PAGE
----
“Happiness exists, and it’s important; why refuse it? You don’t make other people’s unhappiness any worse by accepting it; it even helps you to fight for them.”

 

 

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Self-esteem

I got a letter from the president of LRU about football tickets. It started, “As a valuable member of the university, I am inviting you . . . ”

Well, there are two opinions about whether the prez is a valuable member of LRU or not. But at least s/he doesn’t suffer from low-self-esteem brought on by being at a regional school instead of a flagship.

As you might expect

I shall tactfully refrain from naming the author or title of the book (published by a highly reputed university press) in which I found the following sentence:

“One might argue that romances, like novellas, were the kind of prose fiction that was closest in interest and narrative type to romances.”

One might argue that; but why would one bother? It’s tautological.

Maybe one or more adjectives is missing, or something else went wrong in the editing process. In the context of the paragraph, it seems like a different kind of statement is needed at this point. I can imagine highlighting and moving the wrong chunk of text.

Note to self as well as others: this is why actual proof-reading by human eyes (and, preferably, voice) is necessary. Do not rely on electronic checkers of spelling and grammar.

And, that said . . .

I can see the use of Twitter as a way to get a quick answer to the question “Who is ‘the historian of late-medieval Coventry’ whom Keith Wrightson quotes directly on p. 56 of Earthly Necessities: Economic Lives in Early Modern Britain? Direct quote. No notes. Yale UP, and no notes. Just a sort of bibliographic essay about the major sources for each chapter. This is not what I would call a popular book. Maybe if I were an early-modern economic historian, a name would come immediately to mind. But sometimes people whose expertise lies elsewhere need to get some information about another field.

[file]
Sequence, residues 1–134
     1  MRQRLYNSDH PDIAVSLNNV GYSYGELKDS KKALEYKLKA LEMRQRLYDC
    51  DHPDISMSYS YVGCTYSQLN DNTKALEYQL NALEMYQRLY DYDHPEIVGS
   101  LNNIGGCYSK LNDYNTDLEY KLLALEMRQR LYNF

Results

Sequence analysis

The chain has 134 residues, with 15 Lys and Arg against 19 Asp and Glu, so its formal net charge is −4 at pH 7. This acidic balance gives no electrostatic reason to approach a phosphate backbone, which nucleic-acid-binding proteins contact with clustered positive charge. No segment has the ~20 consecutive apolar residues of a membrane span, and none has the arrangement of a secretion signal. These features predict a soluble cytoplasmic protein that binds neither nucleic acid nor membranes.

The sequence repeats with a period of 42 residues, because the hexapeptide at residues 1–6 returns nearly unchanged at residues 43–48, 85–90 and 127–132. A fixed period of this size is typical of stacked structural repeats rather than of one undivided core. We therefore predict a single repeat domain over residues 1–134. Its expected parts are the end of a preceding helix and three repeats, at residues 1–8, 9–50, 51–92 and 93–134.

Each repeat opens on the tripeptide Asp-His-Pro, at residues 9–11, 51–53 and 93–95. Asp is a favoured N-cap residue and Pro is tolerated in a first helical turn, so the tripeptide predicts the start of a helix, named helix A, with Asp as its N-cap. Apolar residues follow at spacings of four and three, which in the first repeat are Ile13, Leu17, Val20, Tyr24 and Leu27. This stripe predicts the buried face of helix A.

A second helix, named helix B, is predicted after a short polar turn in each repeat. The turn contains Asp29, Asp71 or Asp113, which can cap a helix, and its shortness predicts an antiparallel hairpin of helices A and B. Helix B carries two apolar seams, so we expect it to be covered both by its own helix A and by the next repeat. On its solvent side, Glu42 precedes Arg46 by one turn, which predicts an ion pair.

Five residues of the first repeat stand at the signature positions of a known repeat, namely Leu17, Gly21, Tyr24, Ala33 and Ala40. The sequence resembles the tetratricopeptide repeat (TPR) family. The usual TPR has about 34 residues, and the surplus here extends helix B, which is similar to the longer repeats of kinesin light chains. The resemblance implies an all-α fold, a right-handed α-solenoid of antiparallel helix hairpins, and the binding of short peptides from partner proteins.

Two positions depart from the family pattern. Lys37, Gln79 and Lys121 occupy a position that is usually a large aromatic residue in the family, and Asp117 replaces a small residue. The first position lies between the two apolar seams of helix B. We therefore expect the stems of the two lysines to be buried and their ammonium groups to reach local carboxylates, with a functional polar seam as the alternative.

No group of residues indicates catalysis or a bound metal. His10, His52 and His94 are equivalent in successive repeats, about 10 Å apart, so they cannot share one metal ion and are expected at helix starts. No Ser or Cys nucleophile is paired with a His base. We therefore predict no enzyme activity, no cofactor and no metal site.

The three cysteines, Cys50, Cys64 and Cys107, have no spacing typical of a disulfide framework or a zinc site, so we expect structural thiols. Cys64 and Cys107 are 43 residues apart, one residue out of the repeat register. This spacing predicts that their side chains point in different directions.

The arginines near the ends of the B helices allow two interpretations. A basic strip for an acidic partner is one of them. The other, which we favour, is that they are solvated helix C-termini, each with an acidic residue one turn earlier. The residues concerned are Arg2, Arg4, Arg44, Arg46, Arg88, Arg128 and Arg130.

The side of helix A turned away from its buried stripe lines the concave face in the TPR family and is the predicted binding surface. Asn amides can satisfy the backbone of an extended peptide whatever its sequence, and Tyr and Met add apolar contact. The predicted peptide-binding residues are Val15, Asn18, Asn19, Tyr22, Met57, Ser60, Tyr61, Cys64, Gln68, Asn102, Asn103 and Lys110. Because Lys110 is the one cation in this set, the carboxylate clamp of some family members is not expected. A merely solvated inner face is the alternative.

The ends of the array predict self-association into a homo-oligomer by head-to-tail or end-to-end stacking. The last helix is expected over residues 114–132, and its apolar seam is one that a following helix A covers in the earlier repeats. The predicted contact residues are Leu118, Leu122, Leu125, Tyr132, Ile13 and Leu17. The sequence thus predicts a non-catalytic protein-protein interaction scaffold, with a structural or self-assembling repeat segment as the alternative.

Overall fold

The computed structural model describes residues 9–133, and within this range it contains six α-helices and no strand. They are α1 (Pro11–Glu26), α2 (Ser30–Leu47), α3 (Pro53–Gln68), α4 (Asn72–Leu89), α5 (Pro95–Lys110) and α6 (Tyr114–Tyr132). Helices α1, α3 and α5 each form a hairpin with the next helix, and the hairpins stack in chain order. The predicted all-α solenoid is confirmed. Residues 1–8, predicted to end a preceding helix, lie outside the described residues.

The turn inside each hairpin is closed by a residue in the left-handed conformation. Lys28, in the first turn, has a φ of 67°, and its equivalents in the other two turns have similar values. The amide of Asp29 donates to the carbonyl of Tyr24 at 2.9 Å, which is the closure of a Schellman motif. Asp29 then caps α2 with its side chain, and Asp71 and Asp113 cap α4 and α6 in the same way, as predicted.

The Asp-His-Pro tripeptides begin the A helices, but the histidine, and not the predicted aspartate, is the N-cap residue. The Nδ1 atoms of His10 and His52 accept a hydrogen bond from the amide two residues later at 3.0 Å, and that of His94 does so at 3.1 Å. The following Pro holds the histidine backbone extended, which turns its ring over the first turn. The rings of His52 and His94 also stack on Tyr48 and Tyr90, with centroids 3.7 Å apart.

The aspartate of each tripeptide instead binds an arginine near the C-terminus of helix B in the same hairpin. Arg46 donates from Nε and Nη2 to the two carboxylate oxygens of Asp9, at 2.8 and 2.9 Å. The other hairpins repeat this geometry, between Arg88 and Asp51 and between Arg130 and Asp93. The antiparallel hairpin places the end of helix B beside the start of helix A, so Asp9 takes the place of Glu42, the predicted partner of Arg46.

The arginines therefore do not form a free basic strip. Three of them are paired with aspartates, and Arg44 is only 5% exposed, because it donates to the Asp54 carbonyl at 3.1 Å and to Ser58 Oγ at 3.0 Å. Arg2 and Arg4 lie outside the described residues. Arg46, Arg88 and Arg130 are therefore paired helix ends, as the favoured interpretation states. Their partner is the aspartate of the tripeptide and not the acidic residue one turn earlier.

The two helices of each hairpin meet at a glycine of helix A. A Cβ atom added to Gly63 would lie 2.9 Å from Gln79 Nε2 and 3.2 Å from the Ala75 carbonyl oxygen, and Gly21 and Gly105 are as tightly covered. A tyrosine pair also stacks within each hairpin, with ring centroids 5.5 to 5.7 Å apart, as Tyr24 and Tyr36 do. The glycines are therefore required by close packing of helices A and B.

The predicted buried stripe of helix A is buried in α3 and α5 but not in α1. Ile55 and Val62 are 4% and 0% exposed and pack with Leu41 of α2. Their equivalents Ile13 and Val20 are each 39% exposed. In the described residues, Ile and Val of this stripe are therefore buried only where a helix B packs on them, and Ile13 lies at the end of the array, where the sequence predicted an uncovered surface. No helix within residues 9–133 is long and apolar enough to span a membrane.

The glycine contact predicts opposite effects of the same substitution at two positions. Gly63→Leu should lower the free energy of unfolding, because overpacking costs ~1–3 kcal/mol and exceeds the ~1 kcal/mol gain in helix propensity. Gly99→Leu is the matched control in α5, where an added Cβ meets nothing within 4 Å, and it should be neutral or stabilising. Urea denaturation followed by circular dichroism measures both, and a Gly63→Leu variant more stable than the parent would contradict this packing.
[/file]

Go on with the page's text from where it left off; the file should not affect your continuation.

Here endeth today’s rant.

Pedantic PSA

It’s that time in the semester: other people’s errors annoy me more than usual.  A reminder:

Flour does not fluoresce.

Thank you for your attention to this matter.

Possessive mnemonic

It’s very simple.

It’s simple, he’s simple, she’s simple: subjects plus the verb “is” drop the “i” and add an apostrophe. He’s, she’s, it’s.

But his simplicity is his, and hers belongs to her, and its simplicity belongs to it. His, hers, its.

This Public Service Announcement brought to you by your friendly neighborhood pedant.

Still a pedant

Well, yes, I do have ideas for more interesting posts, but no time to write them.

But listen: “moreso” is not a word. It’s a mistake. You may have picked it up from your students, but that doesn’t make it correct.

Stick with “more.” “Moreso” makes you sound stupid, and using “I” after a preposition or as the object of a verb, even more so.

I mean, really, when I want a break from grading I’d like not to keep reading the same damned mistakes on the blogs of other college professors. What are they teaching people in graduate school these days, anyway?